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The good news is that this is an attractive little park that overlooks the east end of the passage between Lake Union and Lake Washington. It is somewhat hidden from major roads, and is not extremely busy with people most of the time. It can be a good place to watch the boat traffic.
However, it is NOT a quiet park. It sits directly under the Interstate 5 bridge over the ship canal, and thus is completely submerged in loud traffic noise virtually all the time.
The park has a few benches and a picnic table, and the propeller from the shallow draft tug Arctic Bear, donated by Bearing Marine of Seattle in order to honor the working maritime history of Lake Union and the ship canal. There is a set of low steps that go down to water level.
In the distance it is possible to see the Space Needle and parts of downtown Seattle.
How to Get Here: The official park address is 600 NE Northlake Way, Seattle WA 98105. The closest bus routes are routes 45 and 46, near the intersection of Northlake Way and the University Bridge. The park hides behind a row of native vegetation that makes it a little hard to see from the road, but a standard size Seattle Parks sign is out front for all to see. The park is directly east of the Ivar's Salmon House restaurant, and on the east side of the park are shelves and shelves of boat storage, as seen in photo 5.
Written Oct 20, 2012
According to the Seattle Parks web site, this park was dedicated on August 6, 1990 on the 45th Anniversary of the dropping of the bomb on Hiroshima. It was constructed by volunteers using $5,000 seed money from the professor that won the 1988 Hiroshima Peace Prize.
The park currently features the 1990 Sculpture "Sadako and the Thousand Cranes", celebrating the life of a girl that died at 12 from radiation from the bombing of Hiroshima.
The park also features several benches and a small open space.
If you are able to wander down the hill towards the underside of the bridge, you will find another huge sculpture. However, I was unsure if this was part of the park or not. I was unable to take photographs on my first visit (October 5th) as it was surrounded by striking workers from a nearby construction project.
Unfortunately, despite the name and the really nice gesture of peace, the small park is surrounded by busy roads and is only peaceful at very rare times when there isn't much traffic.
How to Get Here: Eastlake Avenue NE crosses the Lake Washington Ship Canal on a bridge called University Bridge. The park is located immediately west of the north end of the bridge, right where the end of the bridge intersects 40th. The park is on the south side of 40th. There are several dozen bus routes in the area, and the park is essentially across the street from a stop that serves 49, 70, 71, 72 and 73. Two blocks west is a stop served by 30, 31, 32, 71 and 72. Somewhat further north are stops served by express buses on Interstate 5.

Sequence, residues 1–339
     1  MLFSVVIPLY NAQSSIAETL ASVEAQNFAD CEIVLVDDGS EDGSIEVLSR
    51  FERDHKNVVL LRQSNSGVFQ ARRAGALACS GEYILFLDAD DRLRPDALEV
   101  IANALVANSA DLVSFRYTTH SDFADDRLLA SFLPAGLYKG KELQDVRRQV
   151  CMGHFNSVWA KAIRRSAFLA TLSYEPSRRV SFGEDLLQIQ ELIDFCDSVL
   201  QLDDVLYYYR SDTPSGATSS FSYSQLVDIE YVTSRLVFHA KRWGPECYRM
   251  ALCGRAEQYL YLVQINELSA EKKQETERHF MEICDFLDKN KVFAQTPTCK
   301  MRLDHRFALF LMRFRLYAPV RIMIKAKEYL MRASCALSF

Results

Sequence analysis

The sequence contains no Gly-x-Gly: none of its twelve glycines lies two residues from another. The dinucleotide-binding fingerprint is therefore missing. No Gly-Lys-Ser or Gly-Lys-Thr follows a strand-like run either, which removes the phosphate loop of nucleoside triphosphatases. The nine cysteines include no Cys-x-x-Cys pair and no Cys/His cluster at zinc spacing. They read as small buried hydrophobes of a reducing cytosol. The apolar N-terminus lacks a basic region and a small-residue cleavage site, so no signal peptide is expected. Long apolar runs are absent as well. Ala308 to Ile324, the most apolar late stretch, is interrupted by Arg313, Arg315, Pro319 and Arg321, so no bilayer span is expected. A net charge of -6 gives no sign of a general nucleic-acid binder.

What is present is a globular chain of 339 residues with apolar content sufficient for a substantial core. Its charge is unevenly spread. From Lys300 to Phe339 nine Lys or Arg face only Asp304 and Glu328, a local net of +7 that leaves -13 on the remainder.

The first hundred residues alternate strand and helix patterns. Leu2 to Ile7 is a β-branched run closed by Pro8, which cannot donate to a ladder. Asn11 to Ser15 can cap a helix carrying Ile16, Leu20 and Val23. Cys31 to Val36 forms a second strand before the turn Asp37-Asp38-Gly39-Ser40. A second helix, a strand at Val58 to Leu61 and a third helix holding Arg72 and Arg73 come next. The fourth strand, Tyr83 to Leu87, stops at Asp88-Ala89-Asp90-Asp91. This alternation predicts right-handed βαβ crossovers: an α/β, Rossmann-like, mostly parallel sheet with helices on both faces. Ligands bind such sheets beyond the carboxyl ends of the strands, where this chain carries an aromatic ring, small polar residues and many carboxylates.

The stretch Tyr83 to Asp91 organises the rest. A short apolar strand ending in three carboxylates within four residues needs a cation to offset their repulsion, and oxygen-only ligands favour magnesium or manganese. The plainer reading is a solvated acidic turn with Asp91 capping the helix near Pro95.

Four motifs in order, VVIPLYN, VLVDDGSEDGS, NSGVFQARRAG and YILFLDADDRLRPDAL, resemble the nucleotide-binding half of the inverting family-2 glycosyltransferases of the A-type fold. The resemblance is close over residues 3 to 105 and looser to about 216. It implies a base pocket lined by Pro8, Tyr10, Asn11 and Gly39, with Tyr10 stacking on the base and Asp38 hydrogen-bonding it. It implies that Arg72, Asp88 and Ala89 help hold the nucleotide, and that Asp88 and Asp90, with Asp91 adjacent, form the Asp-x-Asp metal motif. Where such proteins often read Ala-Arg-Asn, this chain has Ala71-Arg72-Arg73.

Written Oct 18, 2012
When discussing if the Seattle area tends to lean politically "red" or "blue", the response must always be somewhat mixed, for Seattle was doing thing in a "red" way long before those colors came to symbolize USA political parties.
Indeed, with the arrival of this huge statue of Vladimir Lenin to a public corner in Fremont in the mid-1990s, it can be said that the Fremont area has become one of the most "red" places in the USA.
Unfortunately, most of the time in USA politics, the current nicknames for "red" politics is at the opposite end of the spectrum from the more traditional "red" symbols of "Red Square" and "Red October".
From time to time, Mr. Lenin finds himself decorated for Christmas.
Where Is This?
North of the Lake Washington Ship Canal, and near the north end of the Fremont Bridge. N 36th Street, as it comes east, turns south and changes names to Fremont Place North. N 36th continues east as a very minor road. This statue is located at this intersection, and to make things even more interesting Evanston Avenue N. crosses the whole mess as a north-south street in the area as well. The statue is on the triangle of land on the north side of Fremont Place North and south of N. 36th Street. It sits in a small plaza in front of a series of store fronts, including an ice cream and sandwich stop and a nail salon.
The statue was found toppled after the 1989 revolutions swept eastern Europe, and was brought to North America due to its artistic merit and unusual posing of Lenin.
As seen in photo 2, sometimes Lenin is decorated for special occasions, such as this photo of special additions for Christmas 2009.
How to Get Here:
Bus routes 31, 26, 28 and several others are very close by. 28 from downtown is probably the best choice. Driving can be a pain as there is limited parking anywhere near the statue.
Written Oct 6, 2012